You can read this unique case study here.

IOT / OT Cybersecurity Company

To know more about Subexsecure’s offerings and to schedule a demo, call: +91 80 6659 8700

Click here to know more about how Subexsecure has been working with telcos across the globe to secure the IoT initiatives adopted by their customers.

8 Biggest Security Challenges for IoT security practitioners

IoT Cybersecurity, loT asset Protection, loT Risk Detection, and mitigation are key components of any loT security consulting exercise. With the increasing adoption of IoT in the post-pandemic environment, the threats to IoT deployments have also grown substantially. While cybersecurity practitioners are working towards fully understanding the cybersecurity implications of the ‘New Normal’, a few factors do stand out when it comes to IoT risk assessment and mitigation.

In this post, we identify the 8 biggest IoT cybersecurity challenges that have emerged in the last 8 months.

  1. The emergence of new actors: the last few months have seen the emergence of more sophisticated threat actors as many white hat hackers went rogue due to the absence of projects to work on. Besides, the demand for hackers from APT groups and other disruptive agencies has also increased manifold leading to these players running large recruitment campaigns on the Dark Web and forums to recruit new hackers.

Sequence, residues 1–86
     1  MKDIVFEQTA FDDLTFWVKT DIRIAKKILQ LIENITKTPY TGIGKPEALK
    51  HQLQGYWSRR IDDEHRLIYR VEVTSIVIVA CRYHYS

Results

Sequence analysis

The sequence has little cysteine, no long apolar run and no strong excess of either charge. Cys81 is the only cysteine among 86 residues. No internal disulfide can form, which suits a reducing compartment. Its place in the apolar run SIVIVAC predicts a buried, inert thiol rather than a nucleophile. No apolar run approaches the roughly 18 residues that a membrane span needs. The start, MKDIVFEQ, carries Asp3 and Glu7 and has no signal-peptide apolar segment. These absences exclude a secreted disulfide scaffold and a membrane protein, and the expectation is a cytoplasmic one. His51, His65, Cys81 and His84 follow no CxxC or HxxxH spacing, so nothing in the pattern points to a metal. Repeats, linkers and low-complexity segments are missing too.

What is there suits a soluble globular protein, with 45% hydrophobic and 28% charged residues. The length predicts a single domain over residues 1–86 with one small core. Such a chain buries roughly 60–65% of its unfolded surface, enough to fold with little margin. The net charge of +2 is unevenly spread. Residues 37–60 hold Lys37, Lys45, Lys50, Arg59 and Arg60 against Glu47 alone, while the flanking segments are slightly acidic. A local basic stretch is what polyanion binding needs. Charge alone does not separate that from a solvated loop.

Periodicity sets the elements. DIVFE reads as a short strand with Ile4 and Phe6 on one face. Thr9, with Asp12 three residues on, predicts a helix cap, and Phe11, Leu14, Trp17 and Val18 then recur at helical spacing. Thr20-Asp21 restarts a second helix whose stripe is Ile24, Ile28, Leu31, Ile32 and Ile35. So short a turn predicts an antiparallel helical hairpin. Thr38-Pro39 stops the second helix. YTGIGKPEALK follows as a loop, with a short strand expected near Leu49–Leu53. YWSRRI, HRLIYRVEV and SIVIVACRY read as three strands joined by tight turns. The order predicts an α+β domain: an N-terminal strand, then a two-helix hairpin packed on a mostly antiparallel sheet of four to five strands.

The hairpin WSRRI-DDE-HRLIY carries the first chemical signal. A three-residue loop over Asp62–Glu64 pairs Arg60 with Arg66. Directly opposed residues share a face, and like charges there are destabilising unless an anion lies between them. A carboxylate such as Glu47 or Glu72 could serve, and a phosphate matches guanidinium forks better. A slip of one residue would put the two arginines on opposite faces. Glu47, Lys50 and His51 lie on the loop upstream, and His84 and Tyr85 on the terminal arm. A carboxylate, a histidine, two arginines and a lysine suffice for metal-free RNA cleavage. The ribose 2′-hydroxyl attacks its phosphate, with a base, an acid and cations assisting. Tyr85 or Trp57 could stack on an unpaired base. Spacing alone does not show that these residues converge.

2. The pandemic has exposed several weaknesses that exist in the digital transformation matrix of various organizations including lack of multi-factor authentication, communication authentication issues, use of untested applications for collaboration and lack of sufficient cybersecurity oversight on key isolated and air-gapped infrastructure elements
  3. Rogue devices: virtualized rouge devices remotely controlled by hackers operating out of large device farms have been known to latch on to unprotected networks pretending to be legitimate devices. This challenge has grown substantially in the last few months because of the lack of device discovery options
  4. Perimeter focused security: use of firewalls and other mechanisms to control traffic at the gate left the core systems and networks vulnerable to rogue insider activity.